holding that "inconsistencies cannot serve as substantial evidence for a finding [of adverse credibility] . . . when neither the IJ nor the BIA addressed [the applicant's] explanation in a reasoned manner"Summary of this case from Hong T. Vo v. Barr
Argued and Submitted May 9, 2008.
Filed February 23, 2009.
Edgardo Quintanilla, Quintanilla Law Firm, Sherman Oaks, CA, for the petitioners.
Joshua P. Jones, United States Department of Justice, Washington, D.C., for the respondent.
On Petition for Review of an Order of the Board of Immigration Appeals. Agency Nos. A097-875-480, A097-875-481.
Before: JOHN T. NOONAN, WILLIAM A. FLETCHER, and RONALD M. GOULD, Circuit Judges.
Jorge Arturo Soto-Olarte and his wife Maria Jesus Esteves-La Torre petition for review of the Board of Immigration Appeals' ("BIA") opinion dismissing their appeal of an immigration judge's ("IJ") denial of their petitions for asylum, with-holding of removal, and protection under the United Nations Convention Against Torture ("CAT"). We grant the petition for review and remand this case to the BIA for further proceedings, but we hold that on remand the BIA need not necessarily deem Soto-Olarte credible.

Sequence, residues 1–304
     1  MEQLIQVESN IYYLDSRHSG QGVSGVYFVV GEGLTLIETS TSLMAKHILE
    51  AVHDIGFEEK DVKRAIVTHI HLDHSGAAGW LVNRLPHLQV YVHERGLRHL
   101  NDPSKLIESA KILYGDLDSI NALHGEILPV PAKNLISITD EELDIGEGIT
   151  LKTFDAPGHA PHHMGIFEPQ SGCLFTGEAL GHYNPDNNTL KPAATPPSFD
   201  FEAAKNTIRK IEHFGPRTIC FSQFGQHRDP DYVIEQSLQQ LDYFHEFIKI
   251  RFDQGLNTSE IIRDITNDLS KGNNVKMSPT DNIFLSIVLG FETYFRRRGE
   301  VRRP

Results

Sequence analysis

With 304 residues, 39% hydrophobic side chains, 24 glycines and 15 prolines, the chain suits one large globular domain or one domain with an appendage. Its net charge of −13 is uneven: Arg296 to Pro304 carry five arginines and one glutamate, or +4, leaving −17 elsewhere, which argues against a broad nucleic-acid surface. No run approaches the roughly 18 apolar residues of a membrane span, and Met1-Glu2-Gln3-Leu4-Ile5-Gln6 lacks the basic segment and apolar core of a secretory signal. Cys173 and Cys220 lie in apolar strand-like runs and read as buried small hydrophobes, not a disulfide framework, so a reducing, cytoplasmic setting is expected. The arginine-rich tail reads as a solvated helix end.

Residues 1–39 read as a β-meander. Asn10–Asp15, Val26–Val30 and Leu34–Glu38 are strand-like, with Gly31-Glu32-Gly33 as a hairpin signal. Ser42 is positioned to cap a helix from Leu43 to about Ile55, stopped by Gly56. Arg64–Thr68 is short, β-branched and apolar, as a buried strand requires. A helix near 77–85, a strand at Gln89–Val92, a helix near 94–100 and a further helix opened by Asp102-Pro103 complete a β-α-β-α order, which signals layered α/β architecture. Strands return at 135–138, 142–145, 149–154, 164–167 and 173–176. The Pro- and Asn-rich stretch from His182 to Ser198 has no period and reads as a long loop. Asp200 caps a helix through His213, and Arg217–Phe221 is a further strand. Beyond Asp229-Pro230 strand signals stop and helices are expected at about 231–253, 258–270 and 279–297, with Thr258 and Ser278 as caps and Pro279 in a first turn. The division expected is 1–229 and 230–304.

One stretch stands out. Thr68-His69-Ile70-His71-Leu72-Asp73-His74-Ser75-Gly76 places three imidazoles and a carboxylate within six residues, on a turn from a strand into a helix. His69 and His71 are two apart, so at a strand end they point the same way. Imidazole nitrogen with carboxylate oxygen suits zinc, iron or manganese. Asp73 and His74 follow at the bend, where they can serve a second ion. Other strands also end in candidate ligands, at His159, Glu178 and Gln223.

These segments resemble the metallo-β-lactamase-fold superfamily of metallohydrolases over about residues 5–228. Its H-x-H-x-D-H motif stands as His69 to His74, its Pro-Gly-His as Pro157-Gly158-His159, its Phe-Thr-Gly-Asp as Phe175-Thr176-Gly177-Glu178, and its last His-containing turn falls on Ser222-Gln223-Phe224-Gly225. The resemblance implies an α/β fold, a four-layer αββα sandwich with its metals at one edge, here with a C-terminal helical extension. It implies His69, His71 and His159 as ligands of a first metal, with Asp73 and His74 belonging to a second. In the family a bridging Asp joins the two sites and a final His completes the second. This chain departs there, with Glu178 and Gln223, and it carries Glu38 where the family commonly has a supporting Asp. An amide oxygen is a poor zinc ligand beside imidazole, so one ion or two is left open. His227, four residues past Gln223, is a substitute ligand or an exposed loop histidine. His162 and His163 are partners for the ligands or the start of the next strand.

Jorge Arturo Soto-Olarte ("Soto-Olarte"), and his wife Maria Esteves-La Torre ("La Torre"), natives and citizens of Peru, sought asylum and withholding of removal based on alleged persecution by the terrorist organization Shining Path. The incident central to Soto-Olarte's claim occurred on June 19, 2003. According to Soto-Olarte's testimony, two members of the Shining Path broke into his house in Peru, while two other Shining Path members remained outside. Soto-Olarte fired his gun in the air, triggering his car alarm, and the four individuals fled.
Soto-Olarte submitted a police report mentioning this incident, but the report as produced by the police differs from Soto-Olarte's account of the incident. The police report stated that Soto-Olarte was awakened by his car alarm, and when he went outside two security guards told him they saw two individuals fleeing over the wall. The report said nothing about two other people entering Soto-Olarte's house, about a gun being fired, or about any involvement by the Shining Path. Finally, the police report recited that Soto-Olarte had said items were stolen from his car, while Soto-Olarte's own account in his testimony and in his declaration mentions no property loss.